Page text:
Military Wiki
77. Infanterie-Division
77th Infantry Division

77th Infantry Division Insignia (Wehrmacht WW2)

Active January - August 1944[1]
Country  Nazi Germany
Branch Heer
Type Division
Role Infantry

World War II

1 Feb 1944 - 25 Apr 1944 Lieutenant General Walter Poppe
Ceremonial chief Colonel Rudolf Bacherer
1 May 1944 - 18 June 1944 Rudolf Stegmann
18 June 1944 - ? Aug 1944 Colonel Rudolf Bacherer

The 77th Infantry Division (77. Infanteriedivision in German) was a German military unit which served during World War II.

Operational history

The infantry division was formed on 15 January 1944 in the town of Münsingen, and formed part of the twenty-fifth wave of infantry divisions raised in Germany.[2] The division was built up around a cadre of officers and men from the 355th and 364th Infantry Divisions, which both had been badly mauled on the Eastern Front.[1]

The new recruits joining the division were well trained, and benefited from the experience of the officers and men they were joining. The division was sent to Normandy in France as a component of the LXXXIV Corps of the 7th Army, which was tasked with defending occupied France from an Allied invasion west of the Seine.[3] On March 5 the division was moved to Caen, where it aided the 352nd Infantry Division in coastal defence.[4]

Initially commanded by Lieutenant General Walter Poppe, command was transferred to Lieutenant General Stegmann on May 1, with Colonel Bacherer, commander of the 1049th Grenadier Regiment, assuming temporary command.

Initially opposing the U.S. 4th Infantry Division as it moved inland from Utah beach, it was one of four divisions which were committed to the defence of Cotentin peninsula to deny the Allies of the port at Cherbourg: the understrength coastal defense divisions of 243rd, 709th Infantry Divisions, the 91st Air Landing Division and the first rate 77th Infantry Division.[5] Stegmann was killed in mid-June with 300 of his men after getting caught up in Allied shelling;[6] Colonel Bacherer re-assumed command. Initial assaults to push across the neck of the peninsula by the US 4th Division made little progress. By the June 17 the veteran U.S. 9th Infantry Division took over the responsibility of the assault. By the 18th it was clear that any units caught north of the allied advance would be lost. General Rommel attempted to get the 77th out of the closing noose but command issues were so layered and confused that the division could not get moving south until the allied line extended across the width and was solidifying. On June 19 the 77th became entraped and was largely annihilated, with only two battalions escaping south.[7] In early July the remainder of the division was caught up in fighting around Saint-Jores as the American 358th Infantry Regiment's 1st Battalion began to push heavily on them, leading to the German withdrawal by the end of the day. Elements of the 5th Parachute Division would temporarily restore German control before finally leaving the area on July 10.[8] The remnant was involved in heavy fighting around the St. Malo area and was so further decimated that on August 15 the division ceased to exist.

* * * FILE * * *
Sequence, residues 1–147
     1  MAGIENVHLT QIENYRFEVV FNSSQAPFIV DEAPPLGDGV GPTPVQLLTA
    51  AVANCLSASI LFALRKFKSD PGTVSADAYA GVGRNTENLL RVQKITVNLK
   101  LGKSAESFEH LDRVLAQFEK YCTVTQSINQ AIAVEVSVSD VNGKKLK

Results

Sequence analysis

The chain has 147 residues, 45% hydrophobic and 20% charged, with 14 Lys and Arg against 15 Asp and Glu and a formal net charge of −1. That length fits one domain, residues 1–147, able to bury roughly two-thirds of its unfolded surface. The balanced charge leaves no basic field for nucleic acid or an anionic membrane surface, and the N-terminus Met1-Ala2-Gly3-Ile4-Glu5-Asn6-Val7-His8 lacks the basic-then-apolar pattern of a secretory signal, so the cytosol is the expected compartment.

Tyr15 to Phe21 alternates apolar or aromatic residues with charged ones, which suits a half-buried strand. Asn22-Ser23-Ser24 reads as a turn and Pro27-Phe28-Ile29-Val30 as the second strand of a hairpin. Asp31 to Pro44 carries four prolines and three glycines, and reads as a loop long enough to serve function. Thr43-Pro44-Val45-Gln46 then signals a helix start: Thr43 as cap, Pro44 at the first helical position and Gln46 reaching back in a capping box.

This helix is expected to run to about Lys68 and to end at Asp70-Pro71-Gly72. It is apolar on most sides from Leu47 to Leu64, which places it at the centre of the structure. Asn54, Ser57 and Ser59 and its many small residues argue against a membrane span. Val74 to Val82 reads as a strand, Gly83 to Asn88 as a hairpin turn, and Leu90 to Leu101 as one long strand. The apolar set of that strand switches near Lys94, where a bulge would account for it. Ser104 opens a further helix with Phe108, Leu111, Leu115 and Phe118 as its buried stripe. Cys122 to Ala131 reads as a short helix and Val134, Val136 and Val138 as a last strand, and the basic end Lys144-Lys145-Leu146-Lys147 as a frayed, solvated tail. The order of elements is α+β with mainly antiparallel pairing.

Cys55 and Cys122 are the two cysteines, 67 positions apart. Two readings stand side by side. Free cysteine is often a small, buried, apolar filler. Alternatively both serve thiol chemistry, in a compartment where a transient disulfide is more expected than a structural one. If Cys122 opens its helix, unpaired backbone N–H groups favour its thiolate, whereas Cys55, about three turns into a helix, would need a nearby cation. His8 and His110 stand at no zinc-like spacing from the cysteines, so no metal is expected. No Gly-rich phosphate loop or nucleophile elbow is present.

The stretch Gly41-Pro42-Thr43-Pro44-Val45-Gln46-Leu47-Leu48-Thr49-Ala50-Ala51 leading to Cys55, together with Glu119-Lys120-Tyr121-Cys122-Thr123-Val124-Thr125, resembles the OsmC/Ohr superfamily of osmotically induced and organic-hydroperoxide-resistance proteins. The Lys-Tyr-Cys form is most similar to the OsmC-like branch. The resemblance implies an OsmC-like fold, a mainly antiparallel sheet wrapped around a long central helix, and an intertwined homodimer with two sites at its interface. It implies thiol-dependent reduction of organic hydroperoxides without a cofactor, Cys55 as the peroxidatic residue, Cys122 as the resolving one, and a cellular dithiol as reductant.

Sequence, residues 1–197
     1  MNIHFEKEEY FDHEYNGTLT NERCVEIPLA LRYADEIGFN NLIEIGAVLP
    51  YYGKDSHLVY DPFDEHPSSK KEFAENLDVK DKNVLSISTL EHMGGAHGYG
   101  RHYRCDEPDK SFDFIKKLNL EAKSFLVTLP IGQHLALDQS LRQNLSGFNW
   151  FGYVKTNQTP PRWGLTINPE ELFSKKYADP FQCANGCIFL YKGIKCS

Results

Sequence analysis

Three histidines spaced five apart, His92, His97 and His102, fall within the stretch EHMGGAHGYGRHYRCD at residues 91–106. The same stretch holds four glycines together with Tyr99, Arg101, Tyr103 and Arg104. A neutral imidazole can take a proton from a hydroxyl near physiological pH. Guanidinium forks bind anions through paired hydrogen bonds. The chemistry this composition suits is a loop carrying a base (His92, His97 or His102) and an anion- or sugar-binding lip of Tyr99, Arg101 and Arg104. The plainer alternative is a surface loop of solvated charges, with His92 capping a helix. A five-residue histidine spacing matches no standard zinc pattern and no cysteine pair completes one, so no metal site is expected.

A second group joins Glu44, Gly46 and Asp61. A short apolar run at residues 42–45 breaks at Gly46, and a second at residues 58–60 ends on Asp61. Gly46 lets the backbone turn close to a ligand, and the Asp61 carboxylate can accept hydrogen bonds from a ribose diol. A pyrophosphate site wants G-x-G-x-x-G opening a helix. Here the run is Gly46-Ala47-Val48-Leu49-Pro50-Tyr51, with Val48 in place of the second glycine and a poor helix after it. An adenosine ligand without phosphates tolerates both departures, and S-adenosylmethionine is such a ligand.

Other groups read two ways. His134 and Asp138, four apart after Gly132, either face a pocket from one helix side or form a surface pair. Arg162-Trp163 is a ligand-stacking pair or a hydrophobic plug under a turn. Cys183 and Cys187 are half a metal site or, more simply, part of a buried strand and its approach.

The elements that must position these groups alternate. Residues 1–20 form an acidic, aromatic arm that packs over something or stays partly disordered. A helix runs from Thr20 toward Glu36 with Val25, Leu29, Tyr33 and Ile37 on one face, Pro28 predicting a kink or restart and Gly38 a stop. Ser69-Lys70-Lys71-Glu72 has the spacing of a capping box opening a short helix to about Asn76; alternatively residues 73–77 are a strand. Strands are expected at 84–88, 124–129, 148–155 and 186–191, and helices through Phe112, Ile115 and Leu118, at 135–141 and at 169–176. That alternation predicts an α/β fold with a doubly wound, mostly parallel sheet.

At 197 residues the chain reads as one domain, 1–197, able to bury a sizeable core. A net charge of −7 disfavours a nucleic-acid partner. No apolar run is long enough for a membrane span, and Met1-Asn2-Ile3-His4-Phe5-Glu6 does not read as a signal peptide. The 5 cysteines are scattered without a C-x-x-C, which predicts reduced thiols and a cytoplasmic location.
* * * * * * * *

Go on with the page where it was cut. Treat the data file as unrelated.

1. 1.0 1.1 "77. Infanterie-Division". Retrieved 6 February 2011. 
  2. Mitcham, Samuel W. (2007). German Order of Battle, Volume 1: 1st-290th Infantry Divisions in World War II. Stackpole Books. 
  3. Bishop, Chris (2008). German Infantry in World War II. MBI Publishing Company. 
  4. Meyer, Hubert (2005). The 12th SS: the history of the Hitler Youth Panzer Division, Volume 2. Stackpole Books. 
  5. Kurowski, Franz (2008). Elite Panzer Strike Force: Germany's Panzer Lehr Division in World War II. Stackpole Books. 
  6. Sperry, John (2007). 9th Infantry Division: old reliables. Turner Publishing Company. 
  7. Willmott p. 102
  8. "history of le plessis lastelle". Retrieved 7 February 2011. 


This page uses Creative Commons Licensed content from Wikipedia (view authors).